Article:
Guest

Social Media Has Created Two Types of Users

By: Guest | September 24, 2012 | 
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Today’s guest post is by Tyler Orchard

Some of you were probably driven to this post by a cleverly crafted tweet from the brilliant Gini Dietrich.

Others will simply retweet that original post because it’s coming from a credible source.

Some may retweet or share this post simply because it’s on Spin Sucks – regardless of what the post is even about, and others yet will becoming engaged in an attempt to gain more insight or argue a point made.

Social media is an ingrained process that now owns a segment of our personal and professional worlds.

At home, we set aside time to browse Pinterest and read tweets from our selected following.

At work we have segmented time allotted to monitoring Radian6 (now known as the Salesforce Marketing Cloud) or Jugnoo (client), or browsing Hootsuite for interesting content. It’s now not what we do, but who we are.

Grouping Social Media Users

In the midst of this digital revolution, it has not only changed the way in which we allocate our time, but also how we consume, share, and engage with content. The social media world would be an anthropologist’s dream. When we boil it down (crudely) we can identify two distinct groups of social media users (SMUs) that should inform your social strategies and content.

SMU 1: The Group Thinkers

This group is focused on vanity. They consume content and information in a way that is neither deep nor extended. These individuals rapidly share content because it is perceived to be valuable. Perhaps it’s based on how many followers a person has, how many times a tweet has been retweeted, or how many “likes” a Facebook post has received. Essentially, these SMUs are influenced and directed by popularized perception. There is no connection or prolonged engagement–it’s quick, repeatable actions (a retweet, share or “like) that steer their behavior, not the content itself. Some may never actually read the content, but they’ll share it.

SMU 2: The Value-Adders

These are the brand ambassador-types. They seek to truly connect with the content in the hopes it will spur engagement, discussion, and build relationships. When they share content it is to add value to the entire piece and influence their core network. It should be noted that this group is smaller, but holds considerable power when it comes to business objectives.

What this Means

There is a continual discussion about knowing your audience, creating content that connects with them, and being strategic. What we tend to forget is our target audience may also be segmented into different SMU groups. These two groups possess completely different rationalities and reasons for engagement.

It’s important to understand how these individuals influence their core network. Those who fall within the first group may influence like-minded connections, where retweeting is a form of social media etiquette for the simple fact that it has been retweeted before. They may influence 15 to 20 of their connections to share the content, but value is diluted.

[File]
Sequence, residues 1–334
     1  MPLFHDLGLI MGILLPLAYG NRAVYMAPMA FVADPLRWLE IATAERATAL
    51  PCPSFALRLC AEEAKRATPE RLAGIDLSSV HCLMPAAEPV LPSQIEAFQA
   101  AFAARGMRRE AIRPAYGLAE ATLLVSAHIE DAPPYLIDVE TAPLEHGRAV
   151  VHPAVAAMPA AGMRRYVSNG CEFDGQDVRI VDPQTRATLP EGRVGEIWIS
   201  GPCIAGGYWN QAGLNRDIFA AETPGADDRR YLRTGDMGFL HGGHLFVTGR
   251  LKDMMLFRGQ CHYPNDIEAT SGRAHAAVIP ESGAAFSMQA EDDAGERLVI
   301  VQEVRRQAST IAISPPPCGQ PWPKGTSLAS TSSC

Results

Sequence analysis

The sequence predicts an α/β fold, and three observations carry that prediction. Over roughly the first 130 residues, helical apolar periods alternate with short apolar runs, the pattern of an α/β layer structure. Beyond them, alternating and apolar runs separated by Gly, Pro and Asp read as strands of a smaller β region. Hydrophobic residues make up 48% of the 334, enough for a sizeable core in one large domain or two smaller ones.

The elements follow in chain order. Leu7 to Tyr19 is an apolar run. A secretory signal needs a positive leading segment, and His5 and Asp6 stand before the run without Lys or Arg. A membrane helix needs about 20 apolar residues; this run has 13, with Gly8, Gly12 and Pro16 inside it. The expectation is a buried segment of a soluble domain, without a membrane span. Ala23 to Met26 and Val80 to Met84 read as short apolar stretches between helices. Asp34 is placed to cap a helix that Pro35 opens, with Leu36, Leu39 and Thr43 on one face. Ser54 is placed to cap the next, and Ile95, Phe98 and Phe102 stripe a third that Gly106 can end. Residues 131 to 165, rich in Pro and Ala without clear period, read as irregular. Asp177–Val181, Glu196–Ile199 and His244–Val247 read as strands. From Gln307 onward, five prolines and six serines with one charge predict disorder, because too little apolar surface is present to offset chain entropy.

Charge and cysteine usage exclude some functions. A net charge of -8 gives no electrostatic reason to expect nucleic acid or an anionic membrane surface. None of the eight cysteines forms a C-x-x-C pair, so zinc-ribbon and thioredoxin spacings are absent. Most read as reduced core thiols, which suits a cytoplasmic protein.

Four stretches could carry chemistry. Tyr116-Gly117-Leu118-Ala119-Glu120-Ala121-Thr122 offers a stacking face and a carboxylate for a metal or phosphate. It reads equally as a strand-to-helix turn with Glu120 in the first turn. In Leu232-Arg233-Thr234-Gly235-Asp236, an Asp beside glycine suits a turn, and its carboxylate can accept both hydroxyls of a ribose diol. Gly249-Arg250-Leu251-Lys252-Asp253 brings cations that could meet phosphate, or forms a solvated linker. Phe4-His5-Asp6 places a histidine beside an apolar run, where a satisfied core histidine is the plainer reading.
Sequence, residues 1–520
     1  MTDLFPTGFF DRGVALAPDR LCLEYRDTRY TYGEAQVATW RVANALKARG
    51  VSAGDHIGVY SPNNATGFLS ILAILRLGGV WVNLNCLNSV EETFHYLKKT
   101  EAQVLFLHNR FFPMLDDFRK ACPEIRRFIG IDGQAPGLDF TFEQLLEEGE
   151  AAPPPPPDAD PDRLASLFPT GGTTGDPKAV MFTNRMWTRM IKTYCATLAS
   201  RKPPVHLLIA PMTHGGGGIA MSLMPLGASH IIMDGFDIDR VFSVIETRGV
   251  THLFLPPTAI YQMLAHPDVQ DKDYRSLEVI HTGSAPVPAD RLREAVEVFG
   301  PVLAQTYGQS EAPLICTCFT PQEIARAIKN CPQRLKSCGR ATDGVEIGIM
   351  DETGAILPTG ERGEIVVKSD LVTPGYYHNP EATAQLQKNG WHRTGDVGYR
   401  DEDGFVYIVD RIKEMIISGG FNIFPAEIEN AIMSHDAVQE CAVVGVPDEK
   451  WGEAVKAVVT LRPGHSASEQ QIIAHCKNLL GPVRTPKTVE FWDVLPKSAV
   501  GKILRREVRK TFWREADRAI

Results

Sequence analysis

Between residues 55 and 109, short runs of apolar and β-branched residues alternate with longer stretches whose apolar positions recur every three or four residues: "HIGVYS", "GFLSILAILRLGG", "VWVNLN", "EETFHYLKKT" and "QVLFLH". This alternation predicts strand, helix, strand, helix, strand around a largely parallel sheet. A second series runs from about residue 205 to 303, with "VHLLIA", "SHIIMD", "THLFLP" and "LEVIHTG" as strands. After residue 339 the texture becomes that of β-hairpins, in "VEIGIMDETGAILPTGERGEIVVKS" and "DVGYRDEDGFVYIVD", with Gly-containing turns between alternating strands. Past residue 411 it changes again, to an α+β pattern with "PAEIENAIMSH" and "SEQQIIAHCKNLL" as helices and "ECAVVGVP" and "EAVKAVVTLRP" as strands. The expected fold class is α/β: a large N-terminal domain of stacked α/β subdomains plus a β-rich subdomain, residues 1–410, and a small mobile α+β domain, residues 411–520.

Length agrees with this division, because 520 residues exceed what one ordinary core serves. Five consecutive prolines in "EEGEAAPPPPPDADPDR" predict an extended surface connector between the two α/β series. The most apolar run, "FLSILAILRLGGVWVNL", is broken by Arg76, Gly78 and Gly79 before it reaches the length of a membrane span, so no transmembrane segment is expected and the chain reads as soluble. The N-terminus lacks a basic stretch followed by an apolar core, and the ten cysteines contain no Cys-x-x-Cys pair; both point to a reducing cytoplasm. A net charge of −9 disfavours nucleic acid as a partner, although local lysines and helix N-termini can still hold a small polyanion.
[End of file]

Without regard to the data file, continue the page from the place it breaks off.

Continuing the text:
However, those who occupy the second group influence a smaller number of connections but in doing so they can steer the decisions, perceptions and discussions of their five closest acquaintances.

Where’s the Value?

Does “vanity sharing” even contribute to a company’s intended objective? If no one is reading the content, but 100 retweets are generated, what’s the ROI? Perhaps it’s simply the awareness and prevalence of your Twitter handle in people’s feeds, but it is essentially vanity metrics that don’t generate sizable dividends beyond awareness. However, keep in mind that this style of sharing extends reach of sorts.

The real value of social media comes from building relationships with those who will influence others beyond vanity–those value-adders who can shape perception and reputation.

The Two Worlds

There are “influencers” and the “influence’ees”. However, the definition of “influencer” should be worded carefully because as we all know, influence is not synonymous with popularity or celebrity.

It’s important to tailor our strategies, content and digital behavior in order to leverage the value that both of these groups offer. It isn’t enough to just know your audience, we must know how that audience acts, consumes information, and engages on social media. Both don’t serve the same purpose.

Tyler is the manager of strategy and social media at Zync in Toronto, an award-winning brand and marketing agency. After completing his masters degree from the University of Guelph and McMaster University, he spent time as a director of communications in Canadian politics. Connect with him on TwitterLinkedIn, the Zync blog, or his blog.

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